Two Northern Arizona University professors are continuing their legacy of research and scholarship in applied linguistics by creating a distinguished endowed professorship in the College of Arts and Letters.
Fredricka L. Stoller, an alumna and professor of English, and retired Regents’ Professor Emeritus and former Vice President for Research William Grabe have created the Stoller-Grabe Endowed Distinguished Professorship in Applied Linguistics/Teaching English as a Second Language (TESL). The new position, which will be the first distinguished endowed professorship in the College of Arts and Letters, will support the second-language classroom-based empirical research and scholarly activities of a distinguished professor whose work in the field will substantially advance the discipline.
Stoller and Grabe, who have a collective 70 years at NAU, share a commitment to applied linguistics research, TESL teacher training and a desire to make a difference in the lives of non-native English speakers, which motivated their gifts that will establish and endow a distinguished professorship in Applied Linguistics/TESL. The hiring of an endowed distinguished professor will enhance the university’s academic reputation among students, applied linguists and educators.
“Fredricka and Bill embody the Lumberjack spirit through their passion and commitment to NAU,” President Rita Cheng said.
“Their generosity will attract an eminent scholar to follow in their footsteps, to inspire generations of students and to create collaborations among applied linguistics and TESL faculty. Like they have, the distinguished professor supported by their endowment will forge new paths in applied linguistics.”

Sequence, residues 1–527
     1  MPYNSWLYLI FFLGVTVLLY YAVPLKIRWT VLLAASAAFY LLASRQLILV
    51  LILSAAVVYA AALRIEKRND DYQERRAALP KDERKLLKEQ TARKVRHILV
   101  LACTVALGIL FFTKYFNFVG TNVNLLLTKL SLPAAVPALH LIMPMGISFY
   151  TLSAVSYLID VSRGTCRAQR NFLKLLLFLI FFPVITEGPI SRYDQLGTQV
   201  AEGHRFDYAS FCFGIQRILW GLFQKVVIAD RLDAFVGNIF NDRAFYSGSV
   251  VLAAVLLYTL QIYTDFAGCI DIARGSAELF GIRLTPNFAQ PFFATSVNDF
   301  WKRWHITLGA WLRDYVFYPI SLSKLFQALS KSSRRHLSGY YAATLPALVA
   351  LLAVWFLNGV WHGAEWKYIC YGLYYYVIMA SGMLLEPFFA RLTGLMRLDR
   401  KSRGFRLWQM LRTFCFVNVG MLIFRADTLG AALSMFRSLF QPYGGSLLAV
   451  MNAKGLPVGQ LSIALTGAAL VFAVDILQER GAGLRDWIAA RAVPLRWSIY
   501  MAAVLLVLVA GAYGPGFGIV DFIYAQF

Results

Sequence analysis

The endowment will not only help to empower teachers and improve the language-learning abilities of students in the classroom but also will strengthen the national and international reputations of NAU’s Applied Linguistics and TESL program. Both professors were instrumental in the formation of NAU’s Program in Intensive English and in the creation of the Applied Linguistics Ph.D. program in 1990—the only Ph.D. program in the College of Arts and Letters.
Sharing a love for second language research, teacher training and classroom teaching, Stoller and Grabe have traveled the world together to give teacher-training lectures and workshops and exchange ideas with other scholars to improve English language learning globally. They have mentored more than 40 applied linguistics Ph.D. graduates and hundreds of MA-TESL graduates.
“NAU allowed us to grow professionally and is helping us contribute to our fields through the classes we teach and the students we mentor,” Stoller said.
“My years in NAU higher administration also raised my awareness of the need to give back to NAU and support NAU’s research and teaching missions,” Grabe said. “I am proud to have helped change the research reputation and profile of the university, and we are happy to continue contributing to that vision.”